Second, money also affects people themselves. Sudden surges in income can produce sudden surges in spending to match. There’s a theory, often propounded by Clark Howard, that people are mentally calibrated for a certain amount of wealth. And when they suddenly get more income, they spend to get themselves back to that familiar frame of reference. It takes time for them re-calibrate and realize that they don’t have to spend every penny. Indeed, this is one of the things that keeps poor people poor: when they do get some money, they instantly blow it because they are so used to money just disappearing. Most of the lottery winners have never had a lot of money or income before. They are not used to the idea of putting money away. And so they revert quickly to bad habits — buying cars, houses and shady business deals.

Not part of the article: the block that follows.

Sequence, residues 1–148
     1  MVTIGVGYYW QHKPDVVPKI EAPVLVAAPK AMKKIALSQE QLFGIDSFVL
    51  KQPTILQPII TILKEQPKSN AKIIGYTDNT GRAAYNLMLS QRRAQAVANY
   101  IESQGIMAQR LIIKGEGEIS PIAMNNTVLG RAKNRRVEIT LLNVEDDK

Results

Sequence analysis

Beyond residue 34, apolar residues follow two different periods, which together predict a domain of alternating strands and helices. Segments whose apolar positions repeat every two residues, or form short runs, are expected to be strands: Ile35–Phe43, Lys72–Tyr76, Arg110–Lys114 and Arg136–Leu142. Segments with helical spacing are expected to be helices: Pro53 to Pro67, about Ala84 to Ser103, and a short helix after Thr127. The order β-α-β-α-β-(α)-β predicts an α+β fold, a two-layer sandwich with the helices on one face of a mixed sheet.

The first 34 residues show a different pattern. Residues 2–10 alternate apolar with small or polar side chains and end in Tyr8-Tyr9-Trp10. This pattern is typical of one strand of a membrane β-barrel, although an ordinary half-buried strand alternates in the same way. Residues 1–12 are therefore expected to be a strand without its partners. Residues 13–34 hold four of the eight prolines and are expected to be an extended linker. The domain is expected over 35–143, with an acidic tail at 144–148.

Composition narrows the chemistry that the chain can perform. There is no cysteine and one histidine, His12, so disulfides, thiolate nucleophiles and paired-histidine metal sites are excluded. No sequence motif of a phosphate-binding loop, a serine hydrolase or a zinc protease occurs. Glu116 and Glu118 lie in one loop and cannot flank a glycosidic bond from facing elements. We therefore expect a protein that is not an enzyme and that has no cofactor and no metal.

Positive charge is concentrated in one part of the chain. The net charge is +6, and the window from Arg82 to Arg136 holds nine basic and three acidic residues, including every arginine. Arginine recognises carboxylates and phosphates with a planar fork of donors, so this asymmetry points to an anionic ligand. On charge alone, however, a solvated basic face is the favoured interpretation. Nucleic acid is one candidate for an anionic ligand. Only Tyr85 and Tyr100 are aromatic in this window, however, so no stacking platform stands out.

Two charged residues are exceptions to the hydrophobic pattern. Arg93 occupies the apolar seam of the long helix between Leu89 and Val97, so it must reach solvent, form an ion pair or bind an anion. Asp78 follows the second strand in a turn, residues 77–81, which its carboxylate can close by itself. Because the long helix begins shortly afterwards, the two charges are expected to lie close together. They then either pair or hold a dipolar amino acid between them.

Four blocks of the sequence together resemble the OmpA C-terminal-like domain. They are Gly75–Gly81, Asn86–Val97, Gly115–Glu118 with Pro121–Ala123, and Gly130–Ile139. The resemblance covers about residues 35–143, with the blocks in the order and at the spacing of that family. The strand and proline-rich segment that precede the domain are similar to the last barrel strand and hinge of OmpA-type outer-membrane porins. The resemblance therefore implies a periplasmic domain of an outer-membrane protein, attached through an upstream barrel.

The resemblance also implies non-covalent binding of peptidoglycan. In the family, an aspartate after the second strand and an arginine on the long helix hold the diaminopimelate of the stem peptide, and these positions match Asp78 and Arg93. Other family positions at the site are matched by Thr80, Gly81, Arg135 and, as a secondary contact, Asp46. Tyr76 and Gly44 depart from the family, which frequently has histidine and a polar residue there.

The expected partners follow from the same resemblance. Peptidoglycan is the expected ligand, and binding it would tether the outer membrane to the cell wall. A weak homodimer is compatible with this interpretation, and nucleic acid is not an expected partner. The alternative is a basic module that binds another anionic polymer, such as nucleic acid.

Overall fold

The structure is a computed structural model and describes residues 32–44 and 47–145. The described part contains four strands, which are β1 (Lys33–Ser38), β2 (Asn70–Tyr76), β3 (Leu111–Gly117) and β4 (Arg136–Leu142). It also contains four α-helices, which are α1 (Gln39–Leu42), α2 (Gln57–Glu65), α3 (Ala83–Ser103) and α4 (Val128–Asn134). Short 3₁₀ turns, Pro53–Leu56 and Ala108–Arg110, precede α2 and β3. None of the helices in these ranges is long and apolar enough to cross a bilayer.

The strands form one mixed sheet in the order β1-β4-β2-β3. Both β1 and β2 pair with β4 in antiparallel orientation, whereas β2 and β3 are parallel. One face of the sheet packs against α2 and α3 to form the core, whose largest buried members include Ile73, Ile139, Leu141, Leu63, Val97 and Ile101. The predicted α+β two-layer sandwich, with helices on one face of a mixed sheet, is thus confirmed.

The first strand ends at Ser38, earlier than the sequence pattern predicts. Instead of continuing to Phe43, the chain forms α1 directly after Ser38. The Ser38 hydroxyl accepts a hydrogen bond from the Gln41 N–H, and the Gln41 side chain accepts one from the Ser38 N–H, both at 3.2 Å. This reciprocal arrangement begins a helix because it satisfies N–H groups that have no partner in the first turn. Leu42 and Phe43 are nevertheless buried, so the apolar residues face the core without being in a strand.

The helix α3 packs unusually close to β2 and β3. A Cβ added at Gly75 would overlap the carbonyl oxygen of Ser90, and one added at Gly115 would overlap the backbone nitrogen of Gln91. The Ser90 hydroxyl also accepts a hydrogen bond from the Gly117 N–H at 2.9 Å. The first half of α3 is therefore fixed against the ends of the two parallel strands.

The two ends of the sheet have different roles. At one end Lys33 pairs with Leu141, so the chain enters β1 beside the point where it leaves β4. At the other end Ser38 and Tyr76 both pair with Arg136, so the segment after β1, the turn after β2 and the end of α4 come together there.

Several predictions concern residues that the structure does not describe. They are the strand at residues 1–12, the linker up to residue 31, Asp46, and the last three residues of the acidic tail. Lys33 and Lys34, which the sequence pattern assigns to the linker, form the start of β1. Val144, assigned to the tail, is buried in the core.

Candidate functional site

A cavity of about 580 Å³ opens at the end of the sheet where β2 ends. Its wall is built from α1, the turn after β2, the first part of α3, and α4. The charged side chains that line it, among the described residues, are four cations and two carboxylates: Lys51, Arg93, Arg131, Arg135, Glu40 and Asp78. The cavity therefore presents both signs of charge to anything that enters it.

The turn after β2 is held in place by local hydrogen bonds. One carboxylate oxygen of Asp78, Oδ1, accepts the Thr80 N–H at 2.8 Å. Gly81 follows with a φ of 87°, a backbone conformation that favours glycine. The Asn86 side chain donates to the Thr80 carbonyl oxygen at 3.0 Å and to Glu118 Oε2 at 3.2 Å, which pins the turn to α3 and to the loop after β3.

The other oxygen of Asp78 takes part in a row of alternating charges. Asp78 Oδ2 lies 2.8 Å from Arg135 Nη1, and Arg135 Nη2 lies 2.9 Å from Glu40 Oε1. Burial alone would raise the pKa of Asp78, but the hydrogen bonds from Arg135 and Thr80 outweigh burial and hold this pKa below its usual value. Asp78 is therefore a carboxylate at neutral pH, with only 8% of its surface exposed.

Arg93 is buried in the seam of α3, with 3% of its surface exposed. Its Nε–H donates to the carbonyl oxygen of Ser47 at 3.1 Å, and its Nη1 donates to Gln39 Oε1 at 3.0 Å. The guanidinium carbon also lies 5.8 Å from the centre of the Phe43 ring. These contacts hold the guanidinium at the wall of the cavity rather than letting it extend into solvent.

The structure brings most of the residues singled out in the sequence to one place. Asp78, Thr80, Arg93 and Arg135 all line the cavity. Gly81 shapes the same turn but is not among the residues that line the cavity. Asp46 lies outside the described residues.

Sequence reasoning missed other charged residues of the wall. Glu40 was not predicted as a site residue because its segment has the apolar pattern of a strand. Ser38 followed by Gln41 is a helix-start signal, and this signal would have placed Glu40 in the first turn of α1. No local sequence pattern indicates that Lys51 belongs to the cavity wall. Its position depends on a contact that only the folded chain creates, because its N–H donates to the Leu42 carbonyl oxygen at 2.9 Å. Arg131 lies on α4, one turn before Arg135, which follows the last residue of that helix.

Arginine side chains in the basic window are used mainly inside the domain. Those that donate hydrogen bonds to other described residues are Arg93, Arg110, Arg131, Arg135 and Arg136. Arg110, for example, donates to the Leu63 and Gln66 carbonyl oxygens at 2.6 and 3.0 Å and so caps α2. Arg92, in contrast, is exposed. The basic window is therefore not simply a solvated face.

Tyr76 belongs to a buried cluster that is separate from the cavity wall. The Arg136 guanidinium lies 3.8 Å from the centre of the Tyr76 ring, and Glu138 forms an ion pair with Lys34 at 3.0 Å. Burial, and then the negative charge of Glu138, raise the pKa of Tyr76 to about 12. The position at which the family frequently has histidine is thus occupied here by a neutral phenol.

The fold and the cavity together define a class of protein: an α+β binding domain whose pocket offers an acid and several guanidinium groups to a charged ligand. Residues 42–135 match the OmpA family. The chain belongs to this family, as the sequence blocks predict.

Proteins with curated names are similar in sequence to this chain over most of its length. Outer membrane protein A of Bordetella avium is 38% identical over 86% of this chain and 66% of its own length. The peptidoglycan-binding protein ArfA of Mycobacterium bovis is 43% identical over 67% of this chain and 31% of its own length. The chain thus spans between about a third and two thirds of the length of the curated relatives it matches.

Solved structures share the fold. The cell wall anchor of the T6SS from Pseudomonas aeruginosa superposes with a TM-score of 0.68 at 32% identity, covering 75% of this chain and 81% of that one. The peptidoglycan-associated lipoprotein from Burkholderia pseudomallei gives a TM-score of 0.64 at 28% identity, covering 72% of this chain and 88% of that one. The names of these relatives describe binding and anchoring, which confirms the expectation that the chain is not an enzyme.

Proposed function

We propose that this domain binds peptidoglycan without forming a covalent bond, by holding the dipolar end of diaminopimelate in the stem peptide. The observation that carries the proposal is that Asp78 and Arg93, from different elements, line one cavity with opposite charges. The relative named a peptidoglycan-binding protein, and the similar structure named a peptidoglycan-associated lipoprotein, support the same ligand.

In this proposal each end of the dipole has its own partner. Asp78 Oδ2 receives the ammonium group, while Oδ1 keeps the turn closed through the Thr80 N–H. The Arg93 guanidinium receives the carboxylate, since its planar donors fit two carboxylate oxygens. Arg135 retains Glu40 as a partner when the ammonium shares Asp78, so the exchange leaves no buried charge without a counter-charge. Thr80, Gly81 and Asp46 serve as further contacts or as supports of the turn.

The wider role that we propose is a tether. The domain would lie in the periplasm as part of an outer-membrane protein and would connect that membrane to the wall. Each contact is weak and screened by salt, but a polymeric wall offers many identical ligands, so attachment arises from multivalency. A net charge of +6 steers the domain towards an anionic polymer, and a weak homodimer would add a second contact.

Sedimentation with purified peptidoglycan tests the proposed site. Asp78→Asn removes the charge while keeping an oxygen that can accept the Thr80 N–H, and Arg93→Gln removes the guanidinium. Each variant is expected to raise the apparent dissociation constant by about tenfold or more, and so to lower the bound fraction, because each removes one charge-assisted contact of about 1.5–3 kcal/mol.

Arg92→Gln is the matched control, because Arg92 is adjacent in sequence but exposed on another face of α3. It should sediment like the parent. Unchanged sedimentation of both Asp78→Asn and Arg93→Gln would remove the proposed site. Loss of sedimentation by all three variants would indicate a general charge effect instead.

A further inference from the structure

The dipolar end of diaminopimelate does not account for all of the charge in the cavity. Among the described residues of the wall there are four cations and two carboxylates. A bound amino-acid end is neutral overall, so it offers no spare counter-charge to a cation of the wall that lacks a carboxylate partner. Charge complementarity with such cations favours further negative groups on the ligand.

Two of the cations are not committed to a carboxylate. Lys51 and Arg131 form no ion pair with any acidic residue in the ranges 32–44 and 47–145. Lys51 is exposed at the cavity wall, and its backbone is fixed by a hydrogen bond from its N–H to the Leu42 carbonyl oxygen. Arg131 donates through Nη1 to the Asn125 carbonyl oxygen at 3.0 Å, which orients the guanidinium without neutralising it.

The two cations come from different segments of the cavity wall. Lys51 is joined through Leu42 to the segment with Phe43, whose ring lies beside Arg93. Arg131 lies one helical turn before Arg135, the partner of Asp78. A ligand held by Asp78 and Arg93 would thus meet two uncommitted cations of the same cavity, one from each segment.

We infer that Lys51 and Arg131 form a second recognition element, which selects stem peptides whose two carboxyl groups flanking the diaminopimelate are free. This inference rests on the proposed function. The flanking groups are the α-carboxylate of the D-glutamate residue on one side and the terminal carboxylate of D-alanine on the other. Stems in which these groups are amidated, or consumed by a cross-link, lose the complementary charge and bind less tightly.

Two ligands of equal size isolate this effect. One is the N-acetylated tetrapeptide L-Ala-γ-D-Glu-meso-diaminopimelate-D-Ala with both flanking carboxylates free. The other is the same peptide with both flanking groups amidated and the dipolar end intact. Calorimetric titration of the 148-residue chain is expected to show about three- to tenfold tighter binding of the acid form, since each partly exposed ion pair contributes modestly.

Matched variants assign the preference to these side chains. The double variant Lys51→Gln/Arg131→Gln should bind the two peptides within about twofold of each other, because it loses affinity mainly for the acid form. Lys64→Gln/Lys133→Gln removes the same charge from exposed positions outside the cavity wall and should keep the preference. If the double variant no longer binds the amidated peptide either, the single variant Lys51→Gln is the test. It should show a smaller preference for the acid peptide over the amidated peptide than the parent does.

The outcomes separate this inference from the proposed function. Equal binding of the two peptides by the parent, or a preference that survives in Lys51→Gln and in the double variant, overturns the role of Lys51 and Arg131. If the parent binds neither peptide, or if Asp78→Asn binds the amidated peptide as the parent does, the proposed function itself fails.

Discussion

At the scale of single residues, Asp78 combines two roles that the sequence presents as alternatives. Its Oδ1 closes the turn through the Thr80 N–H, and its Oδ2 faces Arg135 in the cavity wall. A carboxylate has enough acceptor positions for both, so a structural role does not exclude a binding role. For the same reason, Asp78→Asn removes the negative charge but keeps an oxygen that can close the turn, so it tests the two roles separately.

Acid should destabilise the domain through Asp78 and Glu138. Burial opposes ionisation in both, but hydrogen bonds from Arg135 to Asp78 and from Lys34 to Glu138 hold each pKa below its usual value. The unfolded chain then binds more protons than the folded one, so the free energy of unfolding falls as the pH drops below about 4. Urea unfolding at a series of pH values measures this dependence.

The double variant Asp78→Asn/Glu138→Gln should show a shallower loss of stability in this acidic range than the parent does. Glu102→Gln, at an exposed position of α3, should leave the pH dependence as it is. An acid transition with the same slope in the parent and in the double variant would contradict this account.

You combine these two and you get the real problem: wealth and fame — like many other things in life — put strains on a person. If the person is already psychologically strong and has surrounded themselves with good people, money can bring happiness and fulfillment. But if they have character flaws — really big character flaws — they will crack and crumble like a faulty bridge. This is especially true of a sudden unexpected fortune. Looking over the story I linked above, you see Whittaker simply indulging himself and everyone around him — lavishing gifts on his granddaughter, buying expensive cars, leaving cash lying around, throwing money at everything: precisely the behavior one is not supposed to engage in.